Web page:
Just one month before the Republican presidential convention, the fate of the party's primary race could be determined in the unlikeliest of battlegrounds: California. 

The state, voting alongside several others on June 7, was never expected to be a major factor this year due to its late position on the primary calendar. But now, the tight state of the race means territory long known as a bastion for liberal Democratic politics will have incredible sway over the GOP contest. 

With 172 delegates in play, the largest haul of any state on the primary map, California could help decide whether Donald Trump is able to clinch the nomination before the July convention -- or whether the party will be looking at a floor fight in Cleveland. 

“We’re not used to talking about California being an important state in the general or primary election -- particularly the Republican side in the primaries. But this year, every delegate matters, and California, which is sitting right at the end of the calendar on June 7, is a huge prize,” said Nathan Gonzales, head of the Rothenberg & Gonzales Political Report, an election handicapper.

While California is the land of Reagan, the imperative to court the state's voters represents an obvious challenge for Republican candidates.  

Hollywood, San Francisco ... these aren't exactly hubs of the conservative cause. But the state is vast -- 163,000 square miles -- and candidates will have to figure out where their message plays best. 

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Bill Whalen, politics research fellow at the Hoover Institution at Stanford University, said the battle will be waged across a diverse population, which ranges from the Latino strongholds of Southern California to the wealthy Silicon Valley tech elites in the north to the socially conservative evangelicals of the "inland empire."

The successful candidate here will have to navigate those ramparts and everything in between. 

The most recent poll shows front-runner Trump with the edge. 

According to a Public Policy Institute of California poll of likely voters taken in the 12-day period leading up to Marco Rubio’s departure from the race on March 15, Trump had a comfortable lead in the state with 38 percent, followed by Ted Cruz with 19 percent and John Kasich with 12 percent. After Rubio suspended his campaign, the PPIC recalculated, taking Rubio out of the mix and working in voters' second choice. This gave Cruz a bump to 27 percent and Kasich to 14 percent, while Trump remained at 38 percent.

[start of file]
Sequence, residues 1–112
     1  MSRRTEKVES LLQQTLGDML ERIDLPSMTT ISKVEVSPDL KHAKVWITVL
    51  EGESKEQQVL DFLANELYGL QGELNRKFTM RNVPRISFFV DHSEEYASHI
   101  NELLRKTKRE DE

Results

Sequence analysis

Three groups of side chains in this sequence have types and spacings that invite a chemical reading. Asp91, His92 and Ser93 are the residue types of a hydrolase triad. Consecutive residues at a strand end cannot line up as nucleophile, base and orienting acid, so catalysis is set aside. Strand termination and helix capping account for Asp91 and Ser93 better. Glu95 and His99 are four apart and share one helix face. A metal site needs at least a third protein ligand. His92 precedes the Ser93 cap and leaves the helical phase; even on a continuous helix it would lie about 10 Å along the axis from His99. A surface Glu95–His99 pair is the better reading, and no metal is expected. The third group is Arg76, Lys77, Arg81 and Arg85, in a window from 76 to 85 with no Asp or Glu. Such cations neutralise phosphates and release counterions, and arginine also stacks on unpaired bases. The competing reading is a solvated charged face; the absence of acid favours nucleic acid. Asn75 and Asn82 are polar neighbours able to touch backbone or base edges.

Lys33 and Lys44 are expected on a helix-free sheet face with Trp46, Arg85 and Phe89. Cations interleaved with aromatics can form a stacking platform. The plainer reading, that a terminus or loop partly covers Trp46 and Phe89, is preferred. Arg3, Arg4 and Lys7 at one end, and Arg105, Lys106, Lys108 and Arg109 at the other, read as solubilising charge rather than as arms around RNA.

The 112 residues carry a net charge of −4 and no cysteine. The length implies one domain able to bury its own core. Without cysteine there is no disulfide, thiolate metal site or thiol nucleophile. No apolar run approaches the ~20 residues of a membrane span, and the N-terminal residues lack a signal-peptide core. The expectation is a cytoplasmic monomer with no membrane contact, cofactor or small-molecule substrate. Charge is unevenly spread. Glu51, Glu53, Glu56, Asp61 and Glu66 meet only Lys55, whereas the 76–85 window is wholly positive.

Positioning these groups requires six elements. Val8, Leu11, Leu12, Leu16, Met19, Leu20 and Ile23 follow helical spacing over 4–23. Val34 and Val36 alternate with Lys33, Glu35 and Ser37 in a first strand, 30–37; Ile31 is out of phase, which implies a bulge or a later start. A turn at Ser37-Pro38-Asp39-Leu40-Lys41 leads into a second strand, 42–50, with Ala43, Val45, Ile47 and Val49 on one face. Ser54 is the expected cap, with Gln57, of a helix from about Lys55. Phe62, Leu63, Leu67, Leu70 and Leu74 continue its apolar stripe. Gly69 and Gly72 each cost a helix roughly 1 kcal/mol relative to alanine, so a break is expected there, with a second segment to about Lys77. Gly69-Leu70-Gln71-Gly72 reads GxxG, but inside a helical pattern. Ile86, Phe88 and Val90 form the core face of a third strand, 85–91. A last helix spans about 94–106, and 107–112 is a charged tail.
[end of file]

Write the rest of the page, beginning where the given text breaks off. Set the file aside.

Whalen, though, said Cruz could have an advantage. 

“There’s going to be a premium on the ground organization and that favors Cruz,” he said.

As of this week’s contests, Trump has 739 delegates, Cruz has 465, and Kasich has 143. One of these candidates has to reach 1,237 to win the nomination outright, or else the process moves to a contested convention this summer. 

The way California's primary system is set up, the winning candidate there has the potential to take home a huge stash of delegates. 

That's because the 172 delegates will be awarded by congressional district, meaning the three delegates in each of the 53 districts go to the winner of that district -- plus 13 bonus delegates to the candidate who gets the most votes statewide.

“I think California is going to matter a lot,” Gonzales said, adding, “It’s going to be a challenge for these candidates. There are hundreds of miles of opportunity to make their mark.” 

Candidates stand to win or lose not only in the state’s few GOP bastions like the Central Valley 23rd District -- home to House Majority Leader Kevin McCarthy -- but in congressional districts that are typically a no-go for Republicans, like the 13th, which includes Berkeley and Oakland and went 87 percent for President Obama in 2012.

It doesn’t matter the district; each has three delegates in play. 

While candidates will have difficulty traveling to each district and television media in the state is expensive, resources will have to concentrate on direct mail and targeted email, Internet advertising and social media, said Gonzales. Candidates will need a game plan to solidify the voters already in their corners, and reach out to new ones who could help tip the scales on June 7.

California also is a closed primary, which means only Republicans can vote -- a potential plus for Cruz, who has done better in closed state primaries and caucuses.

So what does the California Republican look like?

According to David Brady, political science professor at Stanford University, it depends where you go.

“California Republicans are somewhat divided, with the majority being fiscal conservatives, but more socially liberal than Republicans in other regions of the country,” he said. “This is particularly true in the coastal populated regions while the interior has more social conservatives which is associated with evangelicals.”

He predicted "Cruz will do well in the interior regions" and could pick up support from voters opposing Trump. "However, in terms of pure ideology, most coastal Republicans are closer to Kasich,” he said.

As far as issues go, Whalen noted that what plays in the rest of the country is resonating in California, too. “The California Republican Party is a microcosm of the national GOP,” he said. “The party is struggling over immigration.” Brady added that the economy and terrorism continue to be hot-button issues in the state, with the water shortage of local importance.